Questions on Buddhism (was Re: [Advaita-l] Re: gauDapAda and Sankara)

S Jayanarayanan sjayana at
Mon Jul 31 21:25:05 CDT 2006

As no one has followed up Vidya's posting, I would like to point out
what in my opinion is missing in discussions on this topic.

--- Vidyasankar Sundaresan <svidyasankar at> wrote:


> A
> search of our 
> list archives for threads on Buddhism and Advaita should pull up
> all the 
> relevant older material. Our list has a much wider membership base
> now, so 
> rather than revisit an old discussion with a former member of this
> list, I 
> would look forward to reading fresh perspectives from some of our
> newer list 
> members.

I personally would be very interested in *serious* comparisons
between Buddhism and advaita. This is something everyone wonders
about after reading the GauDapAdIya kArikA and the striking
similarity it bears to Nagarjuna's Mula-Madhayamaka-Karika (MMK).
There are two camps - one suggesting that the two schools are the
same, the other suggesting that GauDapAda is refuting Buddha. Neither
seems very convincing for various reasons.

But the real deficiency in such comparisons overlooks the fact that
Nagarjuna's philosophy has been virtually dead for centuries now, and
understanding Nagarjuna is not easy. The Tibetan or Sri Lankan
Buddhists do not study Nagarjuna in depth, and it is all very
peripheral to their religion anyway. It is also false to state that
someone who says he is following Nagarjuna must indeed be
representing Nagarjuna accurately. Dvaitins will claim to represent
Krishna in the Gita accurately, but advaitins cannot accept that
claim. So just because someone claims he is following Nagarjuna does
not automatically make him the authority on that philosophy. I don't
have time to go into it in detail, but many scholars -- David
Kalupahana in particular -- seem to twist many of Nagarjuna's verses
to suit their own perspective rather than present the case
objectively. The fact that Kalupahana is a Sri Lankan does not imply
that he has the final word on Buddhism.

Here are some fundamental questions that absolutely need to be
answered before anyone begins to compare Buddhism and advaita:

1) Buddhists use a "foud-fold logical system". This consists of the
four categories of being, non-being, neither-being-nor-non-being, and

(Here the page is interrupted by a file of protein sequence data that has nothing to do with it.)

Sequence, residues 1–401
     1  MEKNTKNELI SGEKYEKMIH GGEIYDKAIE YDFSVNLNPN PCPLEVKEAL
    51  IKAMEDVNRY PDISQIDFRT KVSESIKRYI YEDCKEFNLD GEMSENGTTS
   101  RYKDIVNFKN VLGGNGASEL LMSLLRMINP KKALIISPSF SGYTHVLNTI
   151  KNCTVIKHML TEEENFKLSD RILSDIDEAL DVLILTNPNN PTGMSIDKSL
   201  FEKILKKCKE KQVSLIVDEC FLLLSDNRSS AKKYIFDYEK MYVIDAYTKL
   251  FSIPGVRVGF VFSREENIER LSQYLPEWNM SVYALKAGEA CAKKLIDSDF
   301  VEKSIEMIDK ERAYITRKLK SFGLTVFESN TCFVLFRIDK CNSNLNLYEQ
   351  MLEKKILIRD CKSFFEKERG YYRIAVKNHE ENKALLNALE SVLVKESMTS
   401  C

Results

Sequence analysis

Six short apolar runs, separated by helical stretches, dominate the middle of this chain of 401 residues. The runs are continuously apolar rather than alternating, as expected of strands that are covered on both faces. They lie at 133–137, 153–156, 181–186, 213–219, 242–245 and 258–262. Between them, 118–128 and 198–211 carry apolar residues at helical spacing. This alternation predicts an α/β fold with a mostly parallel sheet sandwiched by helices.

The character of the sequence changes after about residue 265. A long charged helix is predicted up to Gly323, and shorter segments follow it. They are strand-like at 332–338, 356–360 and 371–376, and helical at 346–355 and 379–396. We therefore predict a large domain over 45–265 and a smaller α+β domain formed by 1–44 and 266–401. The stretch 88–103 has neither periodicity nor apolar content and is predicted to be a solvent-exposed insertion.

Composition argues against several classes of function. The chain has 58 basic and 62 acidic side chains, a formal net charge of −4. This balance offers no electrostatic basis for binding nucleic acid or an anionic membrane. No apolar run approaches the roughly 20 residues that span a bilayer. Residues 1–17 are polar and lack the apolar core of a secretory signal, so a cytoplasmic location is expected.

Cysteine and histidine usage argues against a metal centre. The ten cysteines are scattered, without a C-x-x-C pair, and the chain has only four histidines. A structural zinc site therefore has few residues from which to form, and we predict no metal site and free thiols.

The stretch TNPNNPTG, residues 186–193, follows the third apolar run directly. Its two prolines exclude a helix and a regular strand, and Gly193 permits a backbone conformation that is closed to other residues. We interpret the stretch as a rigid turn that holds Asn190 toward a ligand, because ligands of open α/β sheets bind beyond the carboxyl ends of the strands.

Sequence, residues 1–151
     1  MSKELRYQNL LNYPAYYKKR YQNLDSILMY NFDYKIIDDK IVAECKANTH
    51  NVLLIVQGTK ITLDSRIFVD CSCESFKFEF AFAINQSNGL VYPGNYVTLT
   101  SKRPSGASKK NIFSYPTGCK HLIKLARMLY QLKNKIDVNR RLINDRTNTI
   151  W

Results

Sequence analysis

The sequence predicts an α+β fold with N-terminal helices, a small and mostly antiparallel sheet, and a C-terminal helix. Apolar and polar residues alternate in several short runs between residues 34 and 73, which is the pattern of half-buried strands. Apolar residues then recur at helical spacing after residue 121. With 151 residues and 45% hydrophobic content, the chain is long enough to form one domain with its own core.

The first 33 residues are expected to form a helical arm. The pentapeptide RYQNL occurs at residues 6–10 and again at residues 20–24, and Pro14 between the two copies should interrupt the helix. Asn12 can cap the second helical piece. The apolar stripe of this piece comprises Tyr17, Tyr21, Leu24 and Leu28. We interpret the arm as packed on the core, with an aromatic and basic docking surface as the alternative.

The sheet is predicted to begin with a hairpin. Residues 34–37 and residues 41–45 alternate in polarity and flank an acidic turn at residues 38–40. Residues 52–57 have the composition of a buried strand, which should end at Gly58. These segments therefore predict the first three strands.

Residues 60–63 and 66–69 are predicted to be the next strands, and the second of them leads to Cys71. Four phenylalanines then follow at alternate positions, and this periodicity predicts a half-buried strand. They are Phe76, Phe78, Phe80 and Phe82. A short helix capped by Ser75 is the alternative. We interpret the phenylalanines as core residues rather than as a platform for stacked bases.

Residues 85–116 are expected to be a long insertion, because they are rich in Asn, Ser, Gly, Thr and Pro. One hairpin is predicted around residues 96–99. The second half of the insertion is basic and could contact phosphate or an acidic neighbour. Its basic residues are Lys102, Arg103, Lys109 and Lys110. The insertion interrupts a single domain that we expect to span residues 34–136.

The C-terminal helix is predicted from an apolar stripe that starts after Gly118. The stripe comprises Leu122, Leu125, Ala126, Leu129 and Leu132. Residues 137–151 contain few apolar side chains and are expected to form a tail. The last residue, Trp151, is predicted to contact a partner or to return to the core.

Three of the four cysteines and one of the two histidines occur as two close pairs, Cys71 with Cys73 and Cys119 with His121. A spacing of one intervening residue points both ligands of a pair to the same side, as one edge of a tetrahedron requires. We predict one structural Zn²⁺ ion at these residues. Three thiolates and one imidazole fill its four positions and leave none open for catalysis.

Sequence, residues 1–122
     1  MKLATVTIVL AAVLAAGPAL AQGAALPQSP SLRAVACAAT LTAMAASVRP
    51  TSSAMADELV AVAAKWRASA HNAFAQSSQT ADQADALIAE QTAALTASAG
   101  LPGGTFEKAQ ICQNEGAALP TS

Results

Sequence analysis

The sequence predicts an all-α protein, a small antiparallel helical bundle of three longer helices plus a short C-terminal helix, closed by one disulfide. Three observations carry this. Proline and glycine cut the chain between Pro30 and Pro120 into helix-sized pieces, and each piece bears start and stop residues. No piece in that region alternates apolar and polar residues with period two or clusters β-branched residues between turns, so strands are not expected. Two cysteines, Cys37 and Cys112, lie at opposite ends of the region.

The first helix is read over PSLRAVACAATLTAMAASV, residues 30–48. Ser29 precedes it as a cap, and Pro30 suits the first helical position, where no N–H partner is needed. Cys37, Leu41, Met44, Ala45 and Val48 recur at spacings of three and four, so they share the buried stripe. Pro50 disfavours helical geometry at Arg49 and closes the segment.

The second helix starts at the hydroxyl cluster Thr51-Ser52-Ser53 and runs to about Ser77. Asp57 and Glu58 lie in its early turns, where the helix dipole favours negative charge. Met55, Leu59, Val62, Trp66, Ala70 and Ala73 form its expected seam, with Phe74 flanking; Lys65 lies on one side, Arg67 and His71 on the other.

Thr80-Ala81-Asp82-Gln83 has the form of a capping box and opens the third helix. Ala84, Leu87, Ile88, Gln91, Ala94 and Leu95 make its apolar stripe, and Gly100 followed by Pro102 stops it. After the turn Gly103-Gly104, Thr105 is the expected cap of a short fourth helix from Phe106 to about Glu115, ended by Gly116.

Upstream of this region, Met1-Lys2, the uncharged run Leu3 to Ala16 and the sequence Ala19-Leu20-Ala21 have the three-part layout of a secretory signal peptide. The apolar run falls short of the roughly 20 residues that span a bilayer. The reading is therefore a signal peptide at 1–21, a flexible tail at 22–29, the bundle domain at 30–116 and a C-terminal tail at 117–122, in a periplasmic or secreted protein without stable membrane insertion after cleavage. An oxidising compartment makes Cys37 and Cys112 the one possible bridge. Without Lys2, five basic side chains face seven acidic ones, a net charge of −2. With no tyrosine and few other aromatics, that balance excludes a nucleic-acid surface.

Question: Why don't Buddhists use the dual logic of "being and
non-being"? In other words, why not the straightforward two-fold
logical system instead of a contrived four-fold one?

Some modern logicians have experimented with three-fold and
higher-fold logic, but the practical usefulness of such logical
systems remains undemonstrated, and such systems are purely for
theoretical purposes. Unless there is some clarification on such
seemingly absurd positions as "both being and non-being", the
philosophy cannot be taken seriously.

I'm certain that there is a good reason for Buddhists to introduce
such a four-fold logical system rather than a two-fold system, for
even GauDapAda specifically mentions the four-fold system. If the
Buddhists were fools to introduce such a system, would GauDapAda have
taken pains to present advaita in terms of (or transcending) this
four-fold system?

2) Right in the middle of his MMK, Nagarjuna says:

Shunyata = Pratitya Samutpada = Madhyamika

Question: What does this (apparently incongruous) equation represent?

This is by far the strangest equation in the MMK if not in all of
Buddhism. It is saying that the VOID, which is usually equated with
non-existence in common parlance, is "dependent arising", which is
exactly the same as the "middle way". Why should the word "VOID" be
used to represent something totally different -- "dependent arising"
-- which is not non-existence? Prima facie, this seems like a
nonsensical choice of words: why should "VOID" be connected with

The basic expectation for the answer to the above question is that it
should not be speculative (any child can offer speculation); rather
it should explain clearly how and why Nagarjuna arrives at that
equation. Unlike most statements by Nagarjuna that are negative in
nature, the above equation is one of the few statements that are
positive, and it is in need of a great deal of explanation.

(One explanation, provided by TMP Mahadevan, is that Nagarjuna is
describing change -- when an entity changes, it is no longer the
entity it was, and has therefore lost its self-nature, making it a
void. This may be so, but Nagarjuna's own shlokas don't directly give
that argument, it is Mahadevan's interpretation of it.)

3) Seldom does Nagarjuna actually refer to the Buddha's own words in
the MMK, but scores of Buddhists claim that the MMK correctly
represents Buddha. This is in complete contrast to other schools
which provide definite references to authority. For example, when
Kumarila Bhatta claims that he follows the Vedas, he freely quotes
from it, and the general tendency of any person is to quote the
authority that he or she follows. The lack of any quotes from the
Buddha's own words makes Nagarjuna's claims of representing Buddha
very dubious.

Question: Is there some good reason to believe that Nagarjuna is
correctly representing Buddha? If so, why are there virtually no
references or quotes to the Buddha in the MMK to justify that claim?
(There are a couple of references to the personage of Buddha, but no
quotes from any of Buddha's sermons).

Without providing crystal clear answers to the above questions,
discussions on comparative studies between Buddhism and advaita
cannot proceed.


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